Distinguish key performance indicators and key results indicators in safety
      Strategically identify what matters most for safety performance within an organization
      Prescribe a strategy to evaluate the efficacy of safety measures
      Proficiently articulate the limitations of traditional, lagging indicators of safety performance
      Develop a fundamental strategy for improving existing safety measures to drive superior safety performance within an organization;

      Lunch on your own
      11:30 a.m. – 1:00 p.m.

      PM Pre-conference Workshop
      Active Shooter Assailant: Threat Assessments and Prevention, Mitigation and Response Planning in the Wake of Cal/OSHA’s Impending Rule for Workplace Violence in General Industry
      1:00 p.m. – 4:00 p.m.
      Presented by: Hector Alvarez, CTM, MS, Alvarez Associates LLC
      Recent data from both the FBI and Secret Service indicate that while “active shooter” events are still rare, they are happening more frequently and with more significant impacts. The same research also indicates that it is very often the case that the attacker displayed many warning signs and concerning behavior in advance. It’s important for organizations to understand what these warning signs are and to prepare for the unlikely event that an attack will occur at their facility or organization. Right now, Cal/OSHA is considering a rule addressing workplace violence in general industry. This comprehensive workshop will keep you up to date on where the rule stands and discuss warning signs and behavioral patterns that research indicates exist prior to an attack as well as how to incorporate strategies and methodologies for preventing, preparing and if necessary, responding to these critical incidents. You’ll learn:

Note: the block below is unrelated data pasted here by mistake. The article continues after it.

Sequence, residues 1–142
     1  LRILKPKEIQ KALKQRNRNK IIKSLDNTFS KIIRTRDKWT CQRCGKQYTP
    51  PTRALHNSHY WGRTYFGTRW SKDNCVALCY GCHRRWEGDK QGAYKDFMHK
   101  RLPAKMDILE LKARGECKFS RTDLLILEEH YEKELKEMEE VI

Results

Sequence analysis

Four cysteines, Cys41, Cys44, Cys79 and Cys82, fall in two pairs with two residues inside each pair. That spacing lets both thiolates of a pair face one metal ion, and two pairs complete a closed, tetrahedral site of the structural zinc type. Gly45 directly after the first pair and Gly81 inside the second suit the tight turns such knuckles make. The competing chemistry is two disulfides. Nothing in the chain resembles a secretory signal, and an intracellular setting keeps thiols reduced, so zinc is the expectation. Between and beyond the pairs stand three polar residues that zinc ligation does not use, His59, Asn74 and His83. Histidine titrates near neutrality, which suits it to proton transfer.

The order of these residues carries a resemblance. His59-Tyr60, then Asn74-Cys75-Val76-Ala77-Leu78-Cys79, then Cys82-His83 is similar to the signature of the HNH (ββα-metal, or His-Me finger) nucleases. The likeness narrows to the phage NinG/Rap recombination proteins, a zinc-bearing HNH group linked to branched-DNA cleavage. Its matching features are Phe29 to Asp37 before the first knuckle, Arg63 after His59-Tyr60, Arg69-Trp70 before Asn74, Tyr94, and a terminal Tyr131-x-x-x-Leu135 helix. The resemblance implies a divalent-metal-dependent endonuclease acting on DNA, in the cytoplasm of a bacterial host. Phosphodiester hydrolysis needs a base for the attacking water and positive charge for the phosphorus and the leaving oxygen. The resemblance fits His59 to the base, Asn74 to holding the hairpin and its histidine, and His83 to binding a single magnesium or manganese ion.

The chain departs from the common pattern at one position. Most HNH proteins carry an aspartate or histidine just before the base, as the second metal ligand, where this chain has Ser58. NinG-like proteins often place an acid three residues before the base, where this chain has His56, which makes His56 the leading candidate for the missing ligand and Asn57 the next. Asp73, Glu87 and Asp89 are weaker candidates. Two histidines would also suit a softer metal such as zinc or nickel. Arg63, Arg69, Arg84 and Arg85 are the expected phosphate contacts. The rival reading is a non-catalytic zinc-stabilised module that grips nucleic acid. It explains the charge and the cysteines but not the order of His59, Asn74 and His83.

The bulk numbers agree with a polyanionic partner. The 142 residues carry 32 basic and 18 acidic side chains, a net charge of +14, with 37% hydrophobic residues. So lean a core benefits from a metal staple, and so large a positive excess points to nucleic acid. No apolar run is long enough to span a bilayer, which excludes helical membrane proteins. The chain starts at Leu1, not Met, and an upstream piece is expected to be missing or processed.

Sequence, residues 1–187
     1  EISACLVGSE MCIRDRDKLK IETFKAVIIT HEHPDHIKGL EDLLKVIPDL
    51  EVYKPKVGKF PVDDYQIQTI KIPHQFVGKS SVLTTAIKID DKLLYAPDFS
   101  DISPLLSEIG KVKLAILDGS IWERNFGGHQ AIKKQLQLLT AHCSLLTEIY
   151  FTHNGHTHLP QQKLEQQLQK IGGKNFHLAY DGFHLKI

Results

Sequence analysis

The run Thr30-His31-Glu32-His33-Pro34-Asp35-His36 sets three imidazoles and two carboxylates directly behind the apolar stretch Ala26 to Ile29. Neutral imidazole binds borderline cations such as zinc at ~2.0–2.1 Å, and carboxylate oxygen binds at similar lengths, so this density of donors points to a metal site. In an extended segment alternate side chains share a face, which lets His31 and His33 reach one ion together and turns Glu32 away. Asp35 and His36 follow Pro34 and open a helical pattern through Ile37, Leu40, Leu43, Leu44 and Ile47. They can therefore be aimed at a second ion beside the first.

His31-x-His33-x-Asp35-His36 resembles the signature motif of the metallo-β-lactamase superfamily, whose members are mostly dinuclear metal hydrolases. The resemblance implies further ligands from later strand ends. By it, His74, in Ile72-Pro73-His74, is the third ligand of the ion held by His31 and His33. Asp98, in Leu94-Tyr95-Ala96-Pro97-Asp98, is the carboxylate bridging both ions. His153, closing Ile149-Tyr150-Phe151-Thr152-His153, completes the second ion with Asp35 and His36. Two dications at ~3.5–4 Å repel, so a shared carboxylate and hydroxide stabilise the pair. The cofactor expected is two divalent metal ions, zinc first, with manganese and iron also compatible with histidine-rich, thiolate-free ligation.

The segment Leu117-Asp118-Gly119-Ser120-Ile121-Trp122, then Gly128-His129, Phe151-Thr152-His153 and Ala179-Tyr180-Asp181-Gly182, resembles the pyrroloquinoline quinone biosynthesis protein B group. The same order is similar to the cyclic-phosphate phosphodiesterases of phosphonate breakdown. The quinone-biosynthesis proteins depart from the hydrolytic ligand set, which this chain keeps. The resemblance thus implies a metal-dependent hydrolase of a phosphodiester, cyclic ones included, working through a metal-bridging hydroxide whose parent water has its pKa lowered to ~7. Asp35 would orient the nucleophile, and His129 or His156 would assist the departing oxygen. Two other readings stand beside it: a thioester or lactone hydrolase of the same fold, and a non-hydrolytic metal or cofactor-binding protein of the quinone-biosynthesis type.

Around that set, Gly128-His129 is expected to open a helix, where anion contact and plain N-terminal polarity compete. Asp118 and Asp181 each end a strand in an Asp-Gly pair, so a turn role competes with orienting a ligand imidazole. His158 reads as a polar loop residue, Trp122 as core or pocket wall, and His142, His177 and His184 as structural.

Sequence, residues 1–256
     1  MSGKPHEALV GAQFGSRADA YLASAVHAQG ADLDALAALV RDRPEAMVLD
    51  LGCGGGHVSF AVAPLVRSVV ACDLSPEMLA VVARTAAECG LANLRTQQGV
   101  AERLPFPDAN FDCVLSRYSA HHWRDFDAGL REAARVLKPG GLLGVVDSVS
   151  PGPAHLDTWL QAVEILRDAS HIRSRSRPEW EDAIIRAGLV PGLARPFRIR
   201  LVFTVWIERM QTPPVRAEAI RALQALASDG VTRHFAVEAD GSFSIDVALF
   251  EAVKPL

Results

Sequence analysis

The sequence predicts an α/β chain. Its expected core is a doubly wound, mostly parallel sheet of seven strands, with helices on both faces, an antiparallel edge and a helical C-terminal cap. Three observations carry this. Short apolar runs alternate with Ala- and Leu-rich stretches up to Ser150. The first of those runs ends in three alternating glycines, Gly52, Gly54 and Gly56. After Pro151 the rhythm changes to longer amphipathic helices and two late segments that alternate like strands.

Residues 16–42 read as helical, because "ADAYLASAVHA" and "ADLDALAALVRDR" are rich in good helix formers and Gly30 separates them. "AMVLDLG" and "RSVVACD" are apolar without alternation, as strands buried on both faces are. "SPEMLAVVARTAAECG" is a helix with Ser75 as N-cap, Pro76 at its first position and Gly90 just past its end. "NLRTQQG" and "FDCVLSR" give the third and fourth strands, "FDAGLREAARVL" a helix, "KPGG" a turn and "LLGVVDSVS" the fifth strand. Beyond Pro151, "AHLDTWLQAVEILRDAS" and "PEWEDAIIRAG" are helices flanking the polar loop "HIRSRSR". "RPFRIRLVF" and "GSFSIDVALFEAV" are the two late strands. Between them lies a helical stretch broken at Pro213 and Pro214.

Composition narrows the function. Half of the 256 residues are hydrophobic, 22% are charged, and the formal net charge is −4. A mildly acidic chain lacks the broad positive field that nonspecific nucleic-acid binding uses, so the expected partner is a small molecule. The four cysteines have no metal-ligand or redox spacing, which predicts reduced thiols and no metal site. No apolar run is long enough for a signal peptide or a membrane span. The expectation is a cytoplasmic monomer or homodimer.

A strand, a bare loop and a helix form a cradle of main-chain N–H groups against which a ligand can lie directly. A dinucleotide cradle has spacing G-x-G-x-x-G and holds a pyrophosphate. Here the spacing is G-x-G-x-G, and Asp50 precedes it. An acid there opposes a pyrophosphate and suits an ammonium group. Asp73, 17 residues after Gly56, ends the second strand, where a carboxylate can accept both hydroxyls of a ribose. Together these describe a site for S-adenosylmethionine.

History, trends, and dynamics of active assailant incidents—and the “profile” of the active assailant
      How to build a survivor’s mindset and how to manage fear and anxiety
      Strategies and resources for keeping the workplace safe
      How to leverage facility vulnerabilities assessments, recognize pre-incident indicators, and review the dynamics of targeted violence